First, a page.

Day: January 9, 2018

Creating Seamless Textures from Scratch in Photoshop

The steps in this guide will show you a few of the tricks in Photoshop designers need to know in order to create seamless textures. Before I start laying out the steps, it is important to consider what it is about a texture that makes it seamless.� A texture is just a detailed image that can be applied to an object (such as a web site's background, a video game character model, and countless other things).� A seamless texture means just that – it has no seams.� What are the seams of regular textures?� Most textures with seams are obvious; the edges of the texture are seams.� If the right side of the texture doesn't match with the left side, there is a seam.� However, even some supposed "seamless" textures have seams, which tells us that seams don't always exist just on the borders of the texture.

Think about it.� If the only requirement for a seamless texture is that the right side has to match the left side, then we could just mirror the image and we would have a seamless texture!� But sadly, the seam would still be as clear as day.� While going through this guide, keep in mind that while a texture can technically be "seamless", the human eye is exceptional at discerning patterns and creating a satisfactory seamless texture can be a lot of work.

One – The Photoshop Secret to Seamless Textures
Follow these steps:

  •  
  • Click File > New (CTRL + N).
  •  
  • Set Width and Height to 512 pixels.
  •  
  • Set Resolution to 72.
  •  
  • Set Color Mode: RGB Color (Anything but Greyscale).
  •  
  • Click OK.
  •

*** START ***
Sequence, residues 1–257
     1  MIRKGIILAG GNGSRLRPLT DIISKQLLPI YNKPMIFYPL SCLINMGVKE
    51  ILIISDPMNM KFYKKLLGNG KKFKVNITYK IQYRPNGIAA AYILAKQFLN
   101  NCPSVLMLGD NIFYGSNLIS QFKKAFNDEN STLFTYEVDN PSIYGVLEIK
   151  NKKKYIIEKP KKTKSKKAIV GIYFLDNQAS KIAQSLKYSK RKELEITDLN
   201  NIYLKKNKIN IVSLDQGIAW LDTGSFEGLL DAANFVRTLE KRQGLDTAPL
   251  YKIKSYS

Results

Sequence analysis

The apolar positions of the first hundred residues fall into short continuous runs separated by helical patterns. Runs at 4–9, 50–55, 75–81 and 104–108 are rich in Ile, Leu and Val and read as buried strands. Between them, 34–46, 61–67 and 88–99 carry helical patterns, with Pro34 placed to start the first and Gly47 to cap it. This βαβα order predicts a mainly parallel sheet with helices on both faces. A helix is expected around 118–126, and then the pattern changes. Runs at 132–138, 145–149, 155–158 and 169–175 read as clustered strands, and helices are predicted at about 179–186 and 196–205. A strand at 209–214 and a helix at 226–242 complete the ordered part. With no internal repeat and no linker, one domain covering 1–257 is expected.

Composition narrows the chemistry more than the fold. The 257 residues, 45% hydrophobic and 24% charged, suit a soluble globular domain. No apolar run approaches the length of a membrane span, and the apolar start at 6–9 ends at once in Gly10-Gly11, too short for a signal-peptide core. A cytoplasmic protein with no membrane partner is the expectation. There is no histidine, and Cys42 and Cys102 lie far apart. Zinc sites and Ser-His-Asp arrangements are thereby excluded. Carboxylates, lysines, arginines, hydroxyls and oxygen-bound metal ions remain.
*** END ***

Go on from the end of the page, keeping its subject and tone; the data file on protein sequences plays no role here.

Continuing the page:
Now that you have your canvas open, you're entitled to the secret of creating seamless textures in Photoshop.
There is a filter in Photoshop called Clouds (Filter > Render > Clouds) that does something useful when used on a canvas whose size is a power of two (…128, 256, 512, etc…).� It creates a seamless "Cloud" texture.

Two – Create the Base
Follow these steps:

  •  
  • Using the Swatches Pallete (Window > Swatches), find the "20% Grey" swatch, and click on it (Hover over or double click the swatch to see its name).
  •  
  • Press 'x' on the keyboard to swap foreground and background colors.
  •  
  • Using the Swatches Pallete, click the "45% Grey" swatch.
  •  
  • Use the Clouds Filter (Filter > Render > Clouds)
  •  

Let's take a look at what we have so far: not much, right?� Right.� If anything, it looks like an up-close picture of some rain clouds.� Unfortunately, we're not making rain cloud textures, we're making the base for our metal texture.� So, we need the image evened out a little bit.� For our purposes, we can use the High Pass Filter (Filter > Other > High Pass) to achieve this effect.

Follow these steps:

  •  
  • Start the High Pass Filter (Filter > Other > High Pass).
  •  
  • Set the Radius to ~16.
  •  
  • Click OK.
  •  

At first, it might look like High Pass only made the image darker.� But I assure you, there was more done.� Don't believe me?� Copy both layers and set the contrast up higher (Image > Adjustments > Brightness / Contrast).� Before High Pass, the image had bright and dark colors grouped together unevenly.� After High Pass with Radius 16, they are much more evenly mixed.
The High Pass Filter evened the cloud texture out for us so we can use it as a base of our texture, instead of just a solid grey (we could use a solid grey, but that's… boring).� The High Pass Filter does bring some unwanted results, such as possibly darkening/lightening the overall image …